The narrative of Afghan refugees in Balochistan spans four decades, a tale marked by persistent struggles for fundamental rights like citizenship, education, healthcare, and socio-economic opportunities. Despite facing exclusionary practices, a resilient generation of Afghan refugees has emerged, overcoming hurdles to embark on higher educational journeys in Pakistan. Within this context, registered Afghan refugees, possessing Proof of Registration (POR) cards, have established residence in Pakistan under the protection of the UNHCR and the Pakistani government. However, their pursuit of basic rights, particularly citizenship, has been consistently thwarted, resulting in a complex web of exclusionary practices that extends to education, healthcare, and socio-economic opportunities.
The new generation of Afghan refugees, born and raised in Pakistan, confronts challenges in accessing quality education. Despite attending schools administered by the UNHCR or the government of Afghanistan, the compromised quality of education hampers their preparedness for higher education. Language barriers further compound their struggles, given that higher education in Pakistan is primarily conducted in English.
Advocacy efforts have opened doors to higher education, yet refugee students face administrative hurdles during the admission process. Challenges include the issuance of equivalency certificates and limited administrative support, discouraging many from pursuing higher education. Financial constraints add another layer of difficulty, compelling numerous refugee students to work part-time to support their studies. Women engage in income-generating activities such as embroidery to finance their education, facing societal pressures that undervalue their degrees.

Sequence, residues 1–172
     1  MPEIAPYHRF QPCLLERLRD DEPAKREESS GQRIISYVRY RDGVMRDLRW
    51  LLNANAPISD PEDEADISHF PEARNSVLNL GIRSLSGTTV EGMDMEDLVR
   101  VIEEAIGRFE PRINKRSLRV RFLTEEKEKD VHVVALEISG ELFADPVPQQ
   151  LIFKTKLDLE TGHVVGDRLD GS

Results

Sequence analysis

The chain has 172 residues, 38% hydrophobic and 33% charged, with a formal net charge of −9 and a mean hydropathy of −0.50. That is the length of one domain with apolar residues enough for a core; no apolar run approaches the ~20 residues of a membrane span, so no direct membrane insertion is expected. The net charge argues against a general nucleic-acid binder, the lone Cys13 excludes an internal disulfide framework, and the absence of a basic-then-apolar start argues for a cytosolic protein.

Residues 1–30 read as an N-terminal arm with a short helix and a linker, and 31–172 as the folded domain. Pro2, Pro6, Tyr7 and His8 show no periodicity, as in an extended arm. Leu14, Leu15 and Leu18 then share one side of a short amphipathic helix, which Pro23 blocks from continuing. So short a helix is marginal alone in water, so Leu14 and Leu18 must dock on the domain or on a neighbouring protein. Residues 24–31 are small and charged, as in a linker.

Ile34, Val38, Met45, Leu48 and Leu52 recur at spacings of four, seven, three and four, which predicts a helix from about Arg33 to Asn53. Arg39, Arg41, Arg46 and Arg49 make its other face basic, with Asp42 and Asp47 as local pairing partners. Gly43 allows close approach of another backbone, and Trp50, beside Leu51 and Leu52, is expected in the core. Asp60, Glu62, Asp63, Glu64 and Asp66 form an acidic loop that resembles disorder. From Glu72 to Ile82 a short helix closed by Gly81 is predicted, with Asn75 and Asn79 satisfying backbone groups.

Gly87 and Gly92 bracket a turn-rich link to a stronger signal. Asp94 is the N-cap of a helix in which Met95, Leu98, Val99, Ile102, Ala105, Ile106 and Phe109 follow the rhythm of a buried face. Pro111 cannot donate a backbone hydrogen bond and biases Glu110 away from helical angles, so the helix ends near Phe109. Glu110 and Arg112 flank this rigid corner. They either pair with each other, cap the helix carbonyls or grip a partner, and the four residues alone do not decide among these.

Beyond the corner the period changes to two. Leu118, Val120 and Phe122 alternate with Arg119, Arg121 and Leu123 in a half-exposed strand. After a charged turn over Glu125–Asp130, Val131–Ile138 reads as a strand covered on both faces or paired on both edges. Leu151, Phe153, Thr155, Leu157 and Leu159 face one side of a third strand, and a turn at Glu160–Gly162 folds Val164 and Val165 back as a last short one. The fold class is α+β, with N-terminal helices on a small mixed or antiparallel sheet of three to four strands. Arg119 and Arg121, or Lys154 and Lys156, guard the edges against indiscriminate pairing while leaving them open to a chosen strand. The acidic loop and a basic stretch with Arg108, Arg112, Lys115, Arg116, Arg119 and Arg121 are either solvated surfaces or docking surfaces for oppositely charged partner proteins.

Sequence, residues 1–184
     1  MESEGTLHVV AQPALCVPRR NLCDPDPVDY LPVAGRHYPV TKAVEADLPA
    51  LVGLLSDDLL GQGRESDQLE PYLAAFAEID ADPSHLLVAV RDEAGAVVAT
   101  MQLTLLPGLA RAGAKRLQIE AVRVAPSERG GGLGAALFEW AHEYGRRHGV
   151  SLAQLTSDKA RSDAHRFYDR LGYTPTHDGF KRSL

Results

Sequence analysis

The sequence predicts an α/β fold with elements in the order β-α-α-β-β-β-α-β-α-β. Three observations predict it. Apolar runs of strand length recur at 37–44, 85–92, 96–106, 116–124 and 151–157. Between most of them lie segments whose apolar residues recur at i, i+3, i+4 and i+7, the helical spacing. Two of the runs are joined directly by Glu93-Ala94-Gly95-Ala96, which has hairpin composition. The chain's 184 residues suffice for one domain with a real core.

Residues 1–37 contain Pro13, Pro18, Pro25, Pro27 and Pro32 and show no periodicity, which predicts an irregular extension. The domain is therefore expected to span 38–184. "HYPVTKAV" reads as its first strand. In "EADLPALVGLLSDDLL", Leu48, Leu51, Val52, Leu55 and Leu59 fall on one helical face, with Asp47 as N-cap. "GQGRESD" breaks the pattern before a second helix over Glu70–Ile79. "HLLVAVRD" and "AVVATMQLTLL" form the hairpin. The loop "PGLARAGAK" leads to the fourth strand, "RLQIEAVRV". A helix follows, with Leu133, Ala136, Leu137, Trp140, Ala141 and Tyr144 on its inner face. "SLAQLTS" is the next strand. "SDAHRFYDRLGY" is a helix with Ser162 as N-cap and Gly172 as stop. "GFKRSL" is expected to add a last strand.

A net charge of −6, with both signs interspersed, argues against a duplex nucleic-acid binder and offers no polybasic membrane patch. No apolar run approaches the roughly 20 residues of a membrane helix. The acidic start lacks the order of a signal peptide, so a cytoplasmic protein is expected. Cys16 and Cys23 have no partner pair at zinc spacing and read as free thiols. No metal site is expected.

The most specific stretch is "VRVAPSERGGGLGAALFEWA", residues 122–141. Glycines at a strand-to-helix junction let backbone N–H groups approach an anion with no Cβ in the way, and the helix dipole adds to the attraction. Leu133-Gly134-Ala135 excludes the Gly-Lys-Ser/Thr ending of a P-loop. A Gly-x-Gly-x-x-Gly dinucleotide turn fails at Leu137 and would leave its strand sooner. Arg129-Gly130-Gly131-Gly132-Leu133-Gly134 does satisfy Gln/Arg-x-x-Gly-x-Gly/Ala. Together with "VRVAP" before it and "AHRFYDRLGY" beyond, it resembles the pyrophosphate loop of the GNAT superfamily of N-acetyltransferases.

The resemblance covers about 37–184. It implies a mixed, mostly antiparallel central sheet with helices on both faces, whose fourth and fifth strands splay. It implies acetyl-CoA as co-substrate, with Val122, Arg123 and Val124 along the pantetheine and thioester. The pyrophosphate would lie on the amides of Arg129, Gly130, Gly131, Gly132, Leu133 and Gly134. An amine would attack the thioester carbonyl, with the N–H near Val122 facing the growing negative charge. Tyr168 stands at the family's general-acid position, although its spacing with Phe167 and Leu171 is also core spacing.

Upon completing their degrees, job placement becomes a formidable challenge, exacerbated by the overall scarcity of opportunities in Balochistan. The state’s failure to accommodate its own graduates intensifies the struggle for refugees, leading many to mismatched departments and underpaid positions. Recent events, notably the deportation of undocumented Afghan refugees have cast a shadow on the higher education journey. The harassment faced by registered (POR card holders) and unregistered but documented (ACC holders and Asylum Certificate holders) refugees, coupled with the cessation of support from scholarship providers due to deportation threats, has left many in uncertainty.
In conclusion, the decades-long struggle by UNHCR and humanitarian organizations has yielded a small cohort of refugee students navigating the challenging path of higher education. Recent events have cast a pall over their educational journey, jeopardizing the hopes and dreams of those who persevered against the odds. The international community must recognize the resilience of these students and work collectively to ensure that their educational journeys are not lost in the face of adversity.